By Louise Marsland
The demand for media investment on the continent of Africa is being driven by an empowered media consumer demanding access to communication, social media, entertainment content, streaming services and mobile commerce.
Group M, in collaboration with In On Africa, released the first Africa Media Index (AMI) report in June to assist global brands and global agencies with investment on the continent, as – despite the abundant opportunities that exist in Africa – it has not yet attracted “significant advertising investments.”
Africa is a continent with the youngest and fastest-growing population in the world, as those of us who live here know all about. We’re proud of the fact that seven out of 10 of the fastest-growing economies in the world are in Africa and that the African Continental Free Trade Agreement (AfCFTA), ratified in May, has the potential to create the largest trading block in the world and transform the continent.
The Africa Media Index has focused on specific categories to provide information to global clients in: Economy and Business, Media Landscape, Media Consumers, Technology and Governance and Legislation, across 14 key sub-Saharan African countries. This is the first report of its kind, and subsequent reports will cover more of the African continent in time, Group M South Africa reported.
The countries included in the report are: South Africa, Ghana, Botswana, Kenya, Namibia, Nigeria, Cote d’Ivoire, Tanzania, Uganda, Ethiopia, Zimbabwe, Angola, Zambia and Mozambique.
According to the report summary, “the African media landscape is a whirlwind of change and activity, and its power can be harnessed by knowledgeable investors and advertisers/” The report describes how mobile phone access, which gives communications access to millions of people and a voice to the voiceless through social media, has opened up societies and influenced governance change like never before seen.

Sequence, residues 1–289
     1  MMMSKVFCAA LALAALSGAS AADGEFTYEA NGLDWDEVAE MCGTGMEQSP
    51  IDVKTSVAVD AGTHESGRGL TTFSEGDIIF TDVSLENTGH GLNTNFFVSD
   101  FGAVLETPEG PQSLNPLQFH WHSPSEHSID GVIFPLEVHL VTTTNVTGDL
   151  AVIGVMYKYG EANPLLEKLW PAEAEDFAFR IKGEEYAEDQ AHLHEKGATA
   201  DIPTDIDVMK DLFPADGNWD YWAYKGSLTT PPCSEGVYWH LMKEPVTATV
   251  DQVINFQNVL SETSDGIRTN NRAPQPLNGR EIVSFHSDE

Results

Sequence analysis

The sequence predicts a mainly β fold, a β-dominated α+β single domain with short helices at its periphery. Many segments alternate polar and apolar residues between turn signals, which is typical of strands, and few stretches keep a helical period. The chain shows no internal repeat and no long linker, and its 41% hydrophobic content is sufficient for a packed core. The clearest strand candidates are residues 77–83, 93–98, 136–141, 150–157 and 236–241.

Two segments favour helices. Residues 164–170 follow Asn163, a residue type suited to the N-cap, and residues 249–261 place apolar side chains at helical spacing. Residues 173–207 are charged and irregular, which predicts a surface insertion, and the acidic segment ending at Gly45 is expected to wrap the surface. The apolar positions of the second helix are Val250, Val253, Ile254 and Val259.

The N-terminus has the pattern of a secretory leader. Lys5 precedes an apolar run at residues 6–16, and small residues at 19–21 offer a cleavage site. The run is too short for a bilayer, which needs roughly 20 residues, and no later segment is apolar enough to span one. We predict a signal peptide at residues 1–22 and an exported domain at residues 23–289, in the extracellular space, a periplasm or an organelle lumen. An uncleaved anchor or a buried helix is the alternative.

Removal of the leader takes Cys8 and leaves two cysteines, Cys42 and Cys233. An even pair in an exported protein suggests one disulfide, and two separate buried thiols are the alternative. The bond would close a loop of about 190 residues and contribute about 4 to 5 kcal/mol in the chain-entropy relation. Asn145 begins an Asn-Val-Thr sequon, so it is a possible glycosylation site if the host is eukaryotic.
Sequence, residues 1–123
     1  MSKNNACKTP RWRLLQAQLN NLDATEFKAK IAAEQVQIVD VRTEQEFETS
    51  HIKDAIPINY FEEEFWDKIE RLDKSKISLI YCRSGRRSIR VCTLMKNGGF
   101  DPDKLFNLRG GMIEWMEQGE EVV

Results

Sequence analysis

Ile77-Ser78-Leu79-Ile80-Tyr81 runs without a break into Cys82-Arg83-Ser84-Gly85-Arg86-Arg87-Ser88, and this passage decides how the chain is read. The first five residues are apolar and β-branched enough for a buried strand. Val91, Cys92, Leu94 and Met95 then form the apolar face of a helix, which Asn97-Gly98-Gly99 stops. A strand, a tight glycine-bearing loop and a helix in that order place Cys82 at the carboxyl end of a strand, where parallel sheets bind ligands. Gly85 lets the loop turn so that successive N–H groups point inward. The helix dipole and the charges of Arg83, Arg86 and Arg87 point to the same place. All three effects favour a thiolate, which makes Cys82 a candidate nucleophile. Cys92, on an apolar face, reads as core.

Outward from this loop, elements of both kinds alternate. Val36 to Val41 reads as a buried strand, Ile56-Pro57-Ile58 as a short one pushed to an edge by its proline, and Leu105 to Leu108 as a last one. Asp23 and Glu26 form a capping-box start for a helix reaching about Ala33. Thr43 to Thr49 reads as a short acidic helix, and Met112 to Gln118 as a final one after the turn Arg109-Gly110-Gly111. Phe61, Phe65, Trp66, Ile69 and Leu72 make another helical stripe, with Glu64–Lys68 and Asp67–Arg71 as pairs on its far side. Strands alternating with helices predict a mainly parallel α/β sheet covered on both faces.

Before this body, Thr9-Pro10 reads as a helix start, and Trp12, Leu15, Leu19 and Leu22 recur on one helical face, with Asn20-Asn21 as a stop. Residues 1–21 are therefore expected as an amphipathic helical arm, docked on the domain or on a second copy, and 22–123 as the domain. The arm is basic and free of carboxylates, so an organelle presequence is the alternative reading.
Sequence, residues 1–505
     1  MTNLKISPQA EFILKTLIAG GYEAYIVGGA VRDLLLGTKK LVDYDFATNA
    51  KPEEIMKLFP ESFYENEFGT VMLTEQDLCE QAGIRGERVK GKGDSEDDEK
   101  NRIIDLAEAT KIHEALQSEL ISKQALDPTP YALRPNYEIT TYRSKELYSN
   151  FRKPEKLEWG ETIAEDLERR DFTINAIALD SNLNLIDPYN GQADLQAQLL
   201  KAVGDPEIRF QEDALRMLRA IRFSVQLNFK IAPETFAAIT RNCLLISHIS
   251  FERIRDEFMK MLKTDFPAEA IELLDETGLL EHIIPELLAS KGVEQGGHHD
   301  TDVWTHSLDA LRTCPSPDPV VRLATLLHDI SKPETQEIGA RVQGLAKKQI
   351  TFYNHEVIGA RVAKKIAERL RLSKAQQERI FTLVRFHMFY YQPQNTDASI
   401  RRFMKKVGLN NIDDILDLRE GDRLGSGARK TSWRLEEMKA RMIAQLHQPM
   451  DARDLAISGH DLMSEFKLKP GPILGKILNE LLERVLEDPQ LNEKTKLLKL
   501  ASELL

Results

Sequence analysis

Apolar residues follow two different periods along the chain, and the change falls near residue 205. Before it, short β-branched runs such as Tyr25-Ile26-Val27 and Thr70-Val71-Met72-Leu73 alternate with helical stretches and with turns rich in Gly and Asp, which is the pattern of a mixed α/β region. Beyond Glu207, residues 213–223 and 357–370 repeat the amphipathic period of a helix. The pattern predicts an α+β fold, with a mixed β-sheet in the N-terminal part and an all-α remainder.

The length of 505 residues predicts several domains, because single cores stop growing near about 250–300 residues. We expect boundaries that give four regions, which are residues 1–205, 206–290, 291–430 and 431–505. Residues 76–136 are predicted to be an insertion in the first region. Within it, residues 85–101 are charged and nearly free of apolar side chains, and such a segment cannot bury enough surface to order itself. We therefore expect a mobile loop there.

The impact on the media sector, where television and streaming services – including entertainment, sports, news and music – are flourishing, has been profound and there is growth in every sector, including print: “Enabled by the latest technology, investors can meet consumer needs and advertisers can tap into consumer desires,” the report states.
Economy and Business: Service sectors dominate most countries’ economies, with the media a key contributor. The internet has created an explosion in financial services opportunities, enabling the previously-unbanked to access financial services such as loans via mobile commerce.
Media Landscape: Mobile devices are responsible for connecting the continent to the internet, as the massive rollout and uptake of smartphones has opened up digital media and myriad additional services and opportunities for the African consumer. The report states that traditional media lost customers to digital media, but also found new opportunities to repackage content. Broadcast media still dominates, as television is the preferred method of entertainment. Radio remains the most popular medium overall, as it is unaffected by data issues or power outages, which affect other channels to varying degrees on a country-to-country basis.
Media Consumers: Interestingly, the growth in digital media corresponds with continuing efforts by the countries to increase literacy. Affordability, however, is what drives consumer media choices, and data prices determine internet usage in the main. But of course, with the growth of Africa’s aspirant middle-class and technologically-savvy youth, media use is increasing rapidly, particularly as data prices come down or free access is granted in public spaces and malls.
Technology: There is a rapid move to have digital TV replace analogue television and satellite TV services are also now widely available in the 14 territories surveyed. 3G penetration is expanding and 4G coverage has been introduced. Poor electricity connectivity and power outages are constraining media growth, however. Only South African and Ghana have more than three-quarters of their populations connected to electricity. All the countries do, however, have energy plans in place to boost the local electricity supply.